COUNCILS are slashing planned increases to their education budgets after discovering the Government is to siphon off almost pound;500 million to pay for its teachers' pay reforms.
About pound;430m will be removed from education authority budgets over the next two years. Additional grants from the Standards Fund to support the reforms, requiring matched funding from councils, are set to drain a further pound;70m from budgets next year.
The misunderstanding has forced councils to rethink their education budgets.
Cambridgeshire says it will only be able to increase its education budget by pound;1.5m instead of pound;3m next year. Staffordshire estimates it will lose about pound;1.725m, cutting growth in its education budget from 6.1 per cent to 5.4 per cent, and in Dorset, the loss is estimated at just under pound;1m, again cutting the increase from 6.1 per cent to 5.4 per cent.
Although plans to top-slice council budgets were first mooted when the Chancellor published his comprehensive spending review last summer, councils were only alerted when they read the small print of the Government's submission to the teachers' pay review body last month.
The submission said pound;150m would be removed from local government funding in 2000-2001, to pay teachers who crossed the performance-pay threshold. A further pound;280m would be siphoned off in 2001-2002.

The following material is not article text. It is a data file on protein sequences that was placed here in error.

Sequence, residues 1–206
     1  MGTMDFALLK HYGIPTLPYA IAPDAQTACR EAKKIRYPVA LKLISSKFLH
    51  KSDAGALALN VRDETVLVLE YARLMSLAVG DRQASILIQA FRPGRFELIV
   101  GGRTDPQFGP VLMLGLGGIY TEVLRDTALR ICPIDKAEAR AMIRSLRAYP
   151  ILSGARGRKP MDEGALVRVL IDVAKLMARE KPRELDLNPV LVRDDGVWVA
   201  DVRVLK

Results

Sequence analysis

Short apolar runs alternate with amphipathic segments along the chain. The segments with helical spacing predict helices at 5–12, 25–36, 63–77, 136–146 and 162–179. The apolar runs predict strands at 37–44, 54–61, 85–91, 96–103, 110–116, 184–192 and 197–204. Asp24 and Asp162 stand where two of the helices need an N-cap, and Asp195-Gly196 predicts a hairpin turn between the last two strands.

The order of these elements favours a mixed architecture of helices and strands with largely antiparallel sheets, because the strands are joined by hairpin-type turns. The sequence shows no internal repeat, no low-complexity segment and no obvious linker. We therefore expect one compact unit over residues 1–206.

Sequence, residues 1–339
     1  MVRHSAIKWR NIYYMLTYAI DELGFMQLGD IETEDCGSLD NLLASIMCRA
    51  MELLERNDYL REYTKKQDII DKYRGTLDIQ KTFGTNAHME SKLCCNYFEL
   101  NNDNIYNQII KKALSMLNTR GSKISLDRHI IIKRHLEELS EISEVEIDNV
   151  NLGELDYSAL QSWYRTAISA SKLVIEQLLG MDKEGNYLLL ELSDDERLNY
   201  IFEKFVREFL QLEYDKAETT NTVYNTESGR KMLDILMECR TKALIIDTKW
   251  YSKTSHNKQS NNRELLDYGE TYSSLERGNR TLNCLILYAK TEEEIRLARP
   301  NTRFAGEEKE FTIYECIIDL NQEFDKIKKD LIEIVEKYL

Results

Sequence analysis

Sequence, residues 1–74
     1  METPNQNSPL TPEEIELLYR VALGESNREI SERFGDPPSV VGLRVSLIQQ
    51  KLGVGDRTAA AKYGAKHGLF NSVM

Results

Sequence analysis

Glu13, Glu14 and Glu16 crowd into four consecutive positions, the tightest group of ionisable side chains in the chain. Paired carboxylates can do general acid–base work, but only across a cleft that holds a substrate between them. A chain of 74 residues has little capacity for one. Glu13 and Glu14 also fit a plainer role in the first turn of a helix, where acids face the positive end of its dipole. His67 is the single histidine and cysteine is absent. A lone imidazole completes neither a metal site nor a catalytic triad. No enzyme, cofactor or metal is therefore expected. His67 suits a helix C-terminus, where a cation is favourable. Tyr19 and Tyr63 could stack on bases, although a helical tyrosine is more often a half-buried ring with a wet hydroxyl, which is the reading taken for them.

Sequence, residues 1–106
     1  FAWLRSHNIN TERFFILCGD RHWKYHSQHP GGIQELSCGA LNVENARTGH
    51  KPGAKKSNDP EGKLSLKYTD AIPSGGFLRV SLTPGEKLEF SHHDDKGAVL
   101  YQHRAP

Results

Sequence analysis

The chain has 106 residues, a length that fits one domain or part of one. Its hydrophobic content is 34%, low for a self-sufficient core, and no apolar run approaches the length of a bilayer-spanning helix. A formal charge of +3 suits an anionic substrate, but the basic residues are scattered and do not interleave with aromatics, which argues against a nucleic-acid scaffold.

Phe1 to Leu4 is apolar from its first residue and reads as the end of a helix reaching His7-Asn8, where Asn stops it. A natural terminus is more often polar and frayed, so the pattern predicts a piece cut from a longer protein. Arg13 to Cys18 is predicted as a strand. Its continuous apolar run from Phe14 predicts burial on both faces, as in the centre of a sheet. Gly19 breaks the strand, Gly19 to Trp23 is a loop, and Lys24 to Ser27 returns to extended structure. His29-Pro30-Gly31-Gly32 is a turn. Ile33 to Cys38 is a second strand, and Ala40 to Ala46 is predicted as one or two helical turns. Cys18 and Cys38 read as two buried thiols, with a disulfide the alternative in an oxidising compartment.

Council leaders and headteachers now say they were misled by headlines insisting that the Green Paper reforms would be paid for with extra money from the Government.
John Dunford, general secretary of the Secondary Heads Association, said: "We were promised pound;1 billion of new money from the Treasury with no suggestion that it was buried elsewhere in education authority budgets.
"It has come as a huge shock to heads to hear that they are going to have to cut their budgets in other areas in order to provide this pound;430m."
Andrew Baxter, director of education in Cambridgeshire, said the discovery that half its planned growth of pound;3m would be snatched back had come as an unpleasant shock.
Christine Whatford, president of the Society of Education Officers, said she had received a large number of replies to a letter, reported in The TES last week, warning her members about the top-slicing.
"They are all saying the same thing: that education authorities had not realised that the money was going to be top-sliced and that most of them were going to be in difficulties with their budget planning."